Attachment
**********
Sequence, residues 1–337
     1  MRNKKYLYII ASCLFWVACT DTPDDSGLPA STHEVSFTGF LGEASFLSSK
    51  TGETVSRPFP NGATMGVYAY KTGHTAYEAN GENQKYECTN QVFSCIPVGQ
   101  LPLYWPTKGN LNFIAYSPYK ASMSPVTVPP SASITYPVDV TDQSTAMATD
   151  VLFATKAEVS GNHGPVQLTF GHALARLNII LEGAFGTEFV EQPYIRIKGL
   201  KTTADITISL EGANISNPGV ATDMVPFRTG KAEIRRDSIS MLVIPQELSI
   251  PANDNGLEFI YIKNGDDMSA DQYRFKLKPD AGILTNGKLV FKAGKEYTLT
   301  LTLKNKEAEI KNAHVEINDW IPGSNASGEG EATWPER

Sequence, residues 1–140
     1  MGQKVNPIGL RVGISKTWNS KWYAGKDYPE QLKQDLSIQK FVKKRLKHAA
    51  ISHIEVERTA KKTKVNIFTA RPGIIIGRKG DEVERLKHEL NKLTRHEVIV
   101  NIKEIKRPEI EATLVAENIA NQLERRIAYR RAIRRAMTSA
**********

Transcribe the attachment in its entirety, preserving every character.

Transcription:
Sequence, residues 1–337
     1  MRNKKYLYII ASCLFWVACT DTPDDSGLPA STHEVSFTGF LGEASFLSSK
    51  TGETVSRPFP NGATMGVYAY KTGHTAYEAN GENQKYECTN QVFSCIPVGQ
   101  LPLYWPTKGN LNFIAYSPYK ASMSPVTVPP SASITYPVDV TDQSTAMATD
   151  VLFATKAEVS GNHGPVQLTF GHALARLNII LEGAFGTEFV EQPYIRIKGL
   201  KTTADITISL EGANISNPGV ATDMVPFRTG KAEIRRDSIS MLVIPQELSI
   251  PANDNGLEFI YIKNGDDMSA DQYRFKLKPD AGILTNGKLV FKAGKEYTLT
   301  LTLKNKEAEI KNAHVEINDW IPGSNASGEG EATWPER

Sequence, residues 1–140
     1  MGQKVNPIGL RVGISKTWNS KWYAGKDYPE QLKQDLSIQK FVKKRLKHAA
    51  ISHIEVERTA KKTKVNIFTA RPGIIIGRKG DEVERLKHEL NKLTRHEVIV
   101  NIKEIKRPEI EATLVAENIA NQLERRIAYR RAIRRAMTSA